This academic journal captures the cultural impact monsters have on our past and present society by deterring us from certain actions and making us fearful of difference. Additionally, this source illustrates that monsters create fear and desire for us, as well as humans are vulnerable to become the monsters we create, fear, or desire. In my essay, I used this source to illustrate that the action and horror scenes in Sleepy Hollow presents an inhumane and immortal version of the headless horseman that continue to return with destruction. Furthermore, I use the portrayal of the headless horseman to illustrate that the headless horseman is difference, which creates fears for regular humans that are not headless. Additionally, I use this source to explain that the headless horseman is used in the movie, short story, and Scooby-Doo episode to discourage characters (and even movie-goers, readers, or viewers) from certain actions. Ultimately, this source is used to prove the movies message that humans are the real monsters of Sleepy Hollow. I assume this source is reliable because the author, Jeffrey Jerome Cohen, wrote a book on monster theory where he studied monsters and their impact on our culture.
Graves, Sabina. “The Most Memorable Christopher Walken Movies.” Comingsoon. Accessed on 16 April 2018. http://www.comingsoon.net/extras/features/664637-christopher-walken-movies
I used this article for the image of the headless horseman, played by Christopher Walken.
Irving, Washington. “The Legend of Sleepy Hollow.” 15 Mar. 1820. Accessed on 31, Mar. 2018. http://blogs.britannica.com/wp-content/pdf/The%20Legend%20of%20Sleepy%20Hollow.pdf
This short story recounts the original and fictional tale of the headless horseman. In a small town called Sleepy Hollow, it was one of the battle zones of the revolutionary war in the United States verse Great Britain. A hessian soldier (German soldier for the British) head was chopped off by a cannonball; as a result, the soldier haunts Sleepy Hollow in search of his head. In 1799, Ichabod Crane encounters the headless horseman, disappears without a trace, and the headless horseman is suspected as a possible culprit. In my essay, this source is one of my primary sources. I use it to compare the representation of the headless horseman in the 1999 movie. This source is reliable because it is the legendary short story told by Washington Irving.
Richards, Evan. “The Cinematography of Sleepy Hollow (1999).” Evan Richards. 23 July 2009. Accessed 16 April 2018. http://evanerichards.com/2009/1355
I used this source for the image of the town of Sleepy Hollow used in the movie. It shows the church, graveyard, woods and houses. It also shows the dark and foggy background.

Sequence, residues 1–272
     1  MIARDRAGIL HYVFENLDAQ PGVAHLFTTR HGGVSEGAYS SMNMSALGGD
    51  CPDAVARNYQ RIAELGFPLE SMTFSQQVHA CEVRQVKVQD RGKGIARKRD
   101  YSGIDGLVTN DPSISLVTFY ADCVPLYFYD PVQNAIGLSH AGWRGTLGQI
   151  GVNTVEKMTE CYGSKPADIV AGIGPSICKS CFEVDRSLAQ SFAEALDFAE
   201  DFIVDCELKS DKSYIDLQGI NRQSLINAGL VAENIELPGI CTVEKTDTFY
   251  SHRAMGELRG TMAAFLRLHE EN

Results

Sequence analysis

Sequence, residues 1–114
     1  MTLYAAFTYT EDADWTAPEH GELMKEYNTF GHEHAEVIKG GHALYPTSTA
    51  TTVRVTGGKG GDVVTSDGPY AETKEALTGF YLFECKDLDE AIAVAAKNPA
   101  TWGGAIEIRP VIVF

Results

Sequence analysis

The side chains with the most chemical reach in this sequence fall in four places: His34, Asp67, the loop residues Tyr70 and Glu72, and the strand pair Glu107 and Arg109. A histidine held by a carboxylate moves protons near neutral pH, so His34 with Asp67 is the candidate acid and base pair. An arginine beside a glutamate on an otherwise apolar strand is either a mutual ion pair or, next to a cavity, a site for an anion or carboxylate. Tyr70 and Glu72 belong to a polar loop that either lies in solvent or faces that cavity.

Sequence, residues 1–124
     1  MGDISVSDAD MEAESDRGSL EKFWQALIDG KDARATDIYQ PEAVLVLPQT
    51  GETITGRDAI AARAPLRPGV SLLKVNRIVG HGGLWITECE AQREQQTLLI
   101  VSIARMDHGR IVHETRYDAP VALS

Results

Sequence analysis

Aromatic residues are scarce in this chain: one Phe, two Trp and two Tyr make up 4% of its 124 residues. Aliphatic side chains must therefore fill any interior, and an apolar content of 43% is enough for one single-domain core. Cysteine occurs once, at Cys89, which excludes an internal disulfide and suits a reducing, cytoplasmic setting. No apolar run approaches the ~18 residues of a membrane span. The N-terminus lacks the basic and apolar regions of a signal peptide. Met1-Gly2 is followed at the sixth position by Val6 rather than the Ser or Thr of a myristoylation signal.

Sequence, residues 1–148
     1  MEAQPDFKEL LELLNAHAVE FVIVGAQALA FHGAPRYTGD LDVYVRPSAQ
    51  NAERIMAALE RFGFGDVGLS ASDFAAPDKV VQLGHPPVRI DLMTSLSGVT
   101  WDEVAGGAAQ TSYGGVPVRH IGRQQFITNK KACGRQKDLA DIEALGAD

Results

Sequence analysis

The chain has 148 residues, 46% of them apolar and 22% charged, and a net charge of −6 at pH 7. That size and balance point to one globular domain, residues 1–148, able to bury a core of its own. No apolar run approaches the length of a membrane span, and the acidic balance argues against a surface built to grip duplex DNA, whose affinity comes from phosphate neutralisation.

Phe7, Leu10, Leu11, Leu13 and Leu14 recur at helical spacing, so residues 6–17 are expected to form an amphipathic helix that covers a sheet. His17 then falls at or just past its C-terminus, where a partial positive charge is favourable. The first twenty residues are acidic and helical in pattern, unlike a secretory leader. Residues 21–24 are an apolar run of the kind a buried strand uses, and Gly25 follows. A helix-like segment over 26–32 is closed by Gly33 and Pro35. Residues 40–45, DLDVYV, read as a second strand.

Sullivan, Joe. “Who Murdered Ichabod Crane? Solving the Mystery of Washington Irving’s ‘The Legend of Sleepy Hollow’.” Cemetery Gates Media. Web. 25 October 2017. Accessed 16 April 2018. https://cemeterygatesmedia.com/2017/10/25/who-murdered-ichabod-crane-solving-the-mystery-of-washington-irvings-the-legend-of-sleepy-hollow/
I used this source for the drawing of the headless horseman chasing Ichabod Crane while both of them are riding a horse.
Tim-burton-fan. Optical illusion GIF. Tumblr. https://www.tumblr.com/search/tim%20burtons%20sleepy%20hollow
I use this image because it was in the scene where Ichabod states “It is truth, but truth is not always appearance.” This saying relates with this optical illusion he illustrates in the movie because the bird is not a cage. The image of the bird and the cage is separate, but when moving they combine to look like the bird is in the cage.
Turner, Mike. “Moment of appreciation (1999) Sleepy Hollow!!” Imgur. 6 Dec. Accessed 16 April 2018. https://imgur.com/gallery/sxNPa
I used this online post for a GIF of the headless horseman killing a character in the movie to show the violent horror scenes.
Vanderpoel, Michael. “Sleepy Hollow (1999) (fantasy, horror, mystery).” The Moving Pictures Review. 7 October 2016. Accessed on 16 April 2018. http://michael-movie-review.blogspot.com/2016/10/sleepy-hollow-1999-fantasy-horror.html
I use this source to give an illustration of the headless horseman in the movie.
YouTube Movies. “Sleepy Hollow- Trailer.” Online video clip. YouTube. YouTube, 7 May 2012. Web. Accessed 17 April 2018. https://www.youtube.com/watch?v=dDThtjvIp8w
I include the trailer of the 1999 Sleepy Hollow film to give the readers an idea of the movie if they have not watched it. This video gives a good representation of the characters, the headless horseman, and the theme of the movie. This is a credible source because the author is YouTube Movies and the provider (Paramount) is mentioned.